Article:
When the Borrd or Trade directors several weeks ago intimated to their Rialto neighbors that they would offer no forcible resistance to the construction of a bridge they did not issue any formal veto against a covered bridge. Late yesterday afternoon, however, the board’s attorney secured an injunction from Judge Shepard restraining the proprietors of the Rtialto from building a bridge between their building and the Board or Trade. Further work on the bridge will thus be stopped, and it is understood that the directors of the Board of Trade will do their best at the earliest possible moment to compel the Rialto proprietors to remove the portion of the bridge already constructed. As, the directors of the Rialto company had fixed on May 1 as the day of opening their new building the injunction must be very galling, and looks like a piece of very sharp practice, considering the fact that the bridge is practically erected. Several tenants are to move into their new offices in the Rialto today.
Robinson Fire Map
Volume 1, Plate 1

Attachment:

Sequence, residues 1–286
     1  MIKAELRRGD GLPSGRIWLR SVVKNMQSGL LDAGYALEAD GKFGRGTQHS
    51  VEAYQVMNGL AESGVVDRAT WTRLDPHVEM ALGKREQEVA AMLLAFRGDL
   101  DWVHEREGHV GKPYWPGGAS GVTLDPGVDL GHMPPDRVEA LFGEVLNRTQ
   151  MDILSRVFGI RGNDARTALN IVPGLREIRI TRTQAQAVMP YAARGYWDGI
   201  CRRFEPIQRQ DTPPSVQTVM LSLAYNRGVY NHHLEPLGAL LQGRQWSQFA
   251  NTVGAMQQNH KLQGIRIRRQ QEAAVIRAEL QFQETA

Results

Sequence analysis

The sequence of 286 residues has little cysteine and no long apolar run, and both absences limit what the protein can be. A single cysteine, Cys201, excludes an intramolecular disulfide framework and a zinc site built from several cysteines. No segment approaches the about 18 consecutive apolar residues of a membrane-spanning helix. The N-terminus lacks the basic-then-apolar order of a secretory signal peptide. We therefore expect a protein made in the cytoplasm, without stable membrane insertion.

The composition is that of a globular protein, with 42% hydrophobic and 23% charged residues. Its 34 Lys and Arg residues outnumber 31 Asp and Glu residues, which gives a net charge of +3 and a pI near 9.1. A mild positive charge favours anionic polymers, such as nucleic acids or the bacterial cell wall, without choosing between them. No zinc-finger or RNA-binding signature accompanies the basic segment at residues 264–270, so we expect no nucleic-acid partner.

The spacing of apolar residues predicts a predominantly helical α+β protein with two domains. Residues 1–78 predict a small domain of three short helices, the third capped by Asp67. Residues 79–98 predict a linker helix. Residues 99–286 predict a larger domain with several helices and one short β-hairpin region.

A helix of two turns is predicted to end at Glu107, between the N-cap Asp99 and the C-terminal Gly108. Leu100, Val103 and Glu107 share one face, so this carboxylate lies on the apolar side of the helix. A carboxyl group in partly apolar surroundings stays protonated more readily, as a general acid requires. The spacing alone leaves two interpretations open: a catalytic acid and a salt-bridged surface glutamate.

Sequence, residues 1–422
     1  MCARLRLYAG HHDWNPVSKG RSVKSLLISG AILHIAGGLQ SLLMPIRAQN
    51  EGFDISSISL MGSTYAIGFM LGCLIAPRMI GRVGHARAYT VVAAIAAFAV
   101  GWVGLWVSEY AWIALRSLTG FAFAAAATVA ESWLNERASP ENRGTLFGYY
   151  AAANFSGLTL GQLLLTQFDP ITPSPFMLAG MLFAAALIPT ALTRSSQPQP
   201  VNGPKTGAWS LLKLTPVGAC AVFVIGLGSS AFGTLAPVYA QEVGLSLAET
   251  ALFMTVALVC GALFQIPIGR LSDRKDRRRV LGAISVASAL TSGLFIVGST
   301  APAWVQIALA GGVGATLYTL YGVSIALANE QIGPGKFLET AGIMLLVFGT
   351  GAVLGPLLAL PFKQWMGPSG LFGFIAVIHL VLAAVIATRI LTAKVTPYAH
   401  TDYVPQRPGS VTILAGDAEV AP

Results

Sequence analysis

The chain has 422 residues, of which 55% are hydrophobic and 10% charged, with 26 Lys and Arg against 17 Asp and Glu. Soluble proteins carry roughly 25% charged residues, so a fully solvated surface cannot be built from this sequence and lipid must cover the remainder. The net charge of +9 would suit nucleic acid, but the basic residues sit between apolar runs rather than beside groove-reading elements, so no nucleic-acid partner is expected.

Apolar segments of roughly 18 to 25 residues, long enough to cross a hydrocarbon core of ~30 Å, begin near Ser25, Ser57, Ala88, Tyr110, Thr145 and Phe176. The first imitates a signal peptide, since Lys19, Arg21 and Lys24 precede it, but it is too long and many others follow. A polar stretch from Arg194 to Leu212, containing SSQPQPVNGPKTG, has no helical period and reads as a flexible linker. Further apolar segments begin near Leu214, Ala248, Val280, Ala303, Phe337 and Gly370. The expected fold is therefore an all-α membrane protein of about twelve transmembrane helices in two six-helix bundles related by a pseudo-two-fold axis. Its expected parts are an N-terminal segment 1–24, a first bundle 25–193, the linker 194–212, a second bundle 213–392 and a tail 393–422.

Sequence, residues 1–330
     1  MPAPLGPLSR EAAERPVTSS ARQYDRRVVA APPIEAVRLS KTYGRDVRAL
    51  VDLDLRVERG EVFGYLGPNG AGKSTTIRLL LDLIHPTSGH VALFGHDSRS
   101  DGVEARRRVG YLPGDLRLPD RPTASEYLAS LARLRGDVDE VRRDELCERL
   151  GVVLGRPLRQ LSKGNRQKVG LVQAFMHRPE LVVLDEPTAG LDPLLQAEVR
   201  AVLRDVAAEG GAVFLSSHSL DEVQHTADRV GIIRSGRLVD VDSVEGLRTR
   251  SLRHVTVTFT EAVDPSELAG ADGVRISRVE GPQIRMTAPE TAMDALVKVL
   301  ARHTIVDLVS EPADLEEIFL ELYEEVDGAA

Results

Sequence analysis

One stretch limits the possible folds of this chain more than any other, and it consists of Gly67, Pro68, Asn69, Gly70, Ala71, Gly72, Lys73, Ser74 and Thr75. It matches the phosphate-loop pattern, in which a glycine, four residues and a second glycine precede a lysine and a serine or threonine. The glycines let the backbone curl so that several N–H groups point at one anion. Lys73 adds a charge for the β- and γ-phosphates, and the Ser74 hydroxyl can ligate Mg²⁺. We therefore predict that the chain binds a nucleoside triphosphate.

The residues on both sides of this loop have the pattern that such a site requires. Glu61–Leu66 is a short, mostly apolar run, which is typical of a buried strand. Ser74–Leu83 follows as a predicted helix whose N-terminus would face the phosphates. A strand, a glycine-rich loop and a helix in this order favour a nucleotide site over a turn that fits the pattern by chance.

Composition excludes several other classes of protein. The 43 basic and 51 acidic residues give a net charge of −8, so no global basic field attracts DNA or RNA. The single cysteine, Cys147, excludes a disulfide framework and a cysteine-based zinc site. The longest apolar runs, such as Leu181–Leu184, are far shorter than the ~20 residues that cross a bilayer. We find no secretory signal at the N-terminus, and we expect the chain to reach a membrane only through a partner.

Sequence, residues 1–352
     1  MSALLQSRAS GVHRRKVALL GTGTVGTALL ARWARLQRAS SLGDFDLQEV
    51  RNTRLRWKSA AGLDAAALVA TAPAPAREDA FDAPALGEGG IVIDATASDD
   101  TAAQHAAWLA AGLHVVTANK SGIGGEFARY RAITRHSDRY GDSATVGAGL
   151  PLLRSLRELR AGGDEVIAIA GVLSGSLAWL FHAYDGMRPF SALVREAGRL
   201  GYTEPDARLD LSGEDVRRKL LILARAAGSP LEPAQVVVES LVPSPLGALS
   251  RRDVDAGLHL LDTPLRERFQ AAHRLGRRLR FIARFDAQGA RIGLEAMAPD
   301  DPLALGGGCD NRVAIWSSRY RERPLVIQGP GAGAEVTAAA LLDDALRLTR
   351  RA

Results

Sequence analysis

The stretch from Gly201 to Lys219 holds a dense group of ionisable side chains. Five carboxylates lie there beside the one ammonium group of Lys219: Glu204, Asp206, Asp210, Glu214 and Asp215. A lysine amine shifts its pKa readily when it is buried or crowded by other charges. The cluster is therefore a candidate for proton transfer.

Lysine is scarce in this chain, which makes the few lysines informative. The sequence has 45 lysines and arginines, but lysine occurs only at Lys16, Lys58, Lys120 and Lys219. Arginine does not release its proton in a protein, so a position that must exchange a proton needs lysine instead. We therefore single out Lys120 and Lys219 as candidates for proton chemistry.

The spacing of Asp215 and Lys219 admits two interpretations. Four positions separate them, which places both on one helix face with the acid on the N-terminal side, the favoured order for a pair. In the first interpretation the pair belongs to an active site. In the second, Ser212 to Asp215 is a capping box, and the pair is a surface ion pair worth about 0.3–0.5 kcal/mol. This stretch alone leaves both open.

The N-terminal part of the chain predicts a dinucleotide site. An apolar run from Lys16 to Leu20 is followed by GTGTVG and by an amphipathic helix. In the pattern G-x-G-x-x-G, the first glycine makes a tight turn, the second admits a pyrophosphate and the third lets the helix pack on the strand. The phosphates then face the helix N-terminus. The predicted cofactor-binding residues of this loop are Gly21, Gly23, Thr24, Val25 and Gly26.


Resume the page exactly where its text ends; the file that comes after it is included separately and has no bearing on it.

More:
Chicago Tribune, April 19, 1902
The Postal Telegraph Cable company has leased two entire floors to be added to the Rialto Building, Van Buren, Sherman, and La Salle streets, for a term of twenty-five years from May 1, 1905, at an annual rent of $30,000, or $750,000 for the term. The name of the building is also to be changed to Postal Telegraph Building,” and $250,000 is to be expended in remodeling it so as to convert it into a first-class office building. A feature of the remodeling will be a new entrance on La Salle street, formerly Pacific avenue. D. H. Burnham & Co. is preparing the plans.
Innovations in the Offices.
The telegraph company will have 32,000 square feet of floor space and it is the purpose to provide several innovations which will contribute to the comfort and improvement of its employes, such as a library and reading-room, and classroom for the study of advanced electricity. A large restaurant also will be provided.